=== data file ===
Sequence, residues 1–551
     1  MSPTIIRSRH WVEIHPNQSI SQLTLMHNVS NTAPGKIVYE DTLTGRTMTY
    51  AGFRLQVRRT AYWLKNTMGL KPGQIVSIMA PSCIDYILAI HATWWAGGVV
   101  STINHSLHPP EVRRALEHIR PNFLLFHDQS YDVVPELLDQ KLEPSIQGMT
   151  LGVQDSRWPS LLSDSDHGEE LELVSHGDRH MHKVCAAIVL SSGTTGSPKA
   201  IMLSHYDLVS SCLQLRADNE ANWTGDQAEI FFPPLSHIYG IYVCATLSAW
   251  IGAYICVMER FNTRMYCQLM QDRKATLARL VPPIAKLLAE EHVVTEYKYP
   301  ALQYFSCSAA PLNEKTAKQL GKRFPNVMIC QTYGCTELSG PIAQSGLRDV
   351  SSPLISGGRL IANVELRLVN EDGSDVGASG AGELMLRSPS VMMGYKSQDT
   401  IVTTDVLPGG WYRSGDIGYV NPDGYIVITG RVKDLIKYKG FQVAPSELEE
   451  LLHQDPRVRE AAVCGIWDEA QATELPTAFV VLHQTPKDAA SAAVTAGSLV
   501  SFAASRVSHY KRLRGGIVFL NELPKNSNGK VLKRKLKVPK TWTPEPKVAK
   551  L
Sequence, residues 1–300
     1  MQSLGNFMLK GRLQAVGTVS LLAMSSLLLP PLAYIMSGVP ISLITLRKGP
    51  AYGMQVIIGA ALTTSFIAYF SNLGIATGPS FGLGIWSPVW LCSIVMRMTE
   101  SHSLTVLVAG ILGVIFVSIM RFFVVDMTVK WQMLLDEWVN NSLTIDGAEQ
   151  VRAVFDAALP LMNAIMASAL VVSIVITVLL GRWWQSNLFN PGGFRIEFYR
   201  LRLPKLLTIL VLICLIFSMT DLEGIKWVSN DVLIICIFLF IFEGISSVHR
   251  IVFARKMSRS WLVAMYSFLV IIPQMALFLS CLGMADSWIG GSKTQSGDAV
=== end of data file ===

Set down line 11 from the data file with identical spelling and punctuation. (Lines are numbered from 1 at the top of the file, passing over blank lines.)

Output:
   451  LLHQDPRVRE AAVCGIWDEA QATELPTAFV VLHQTPKDAA SAAVTAGSLV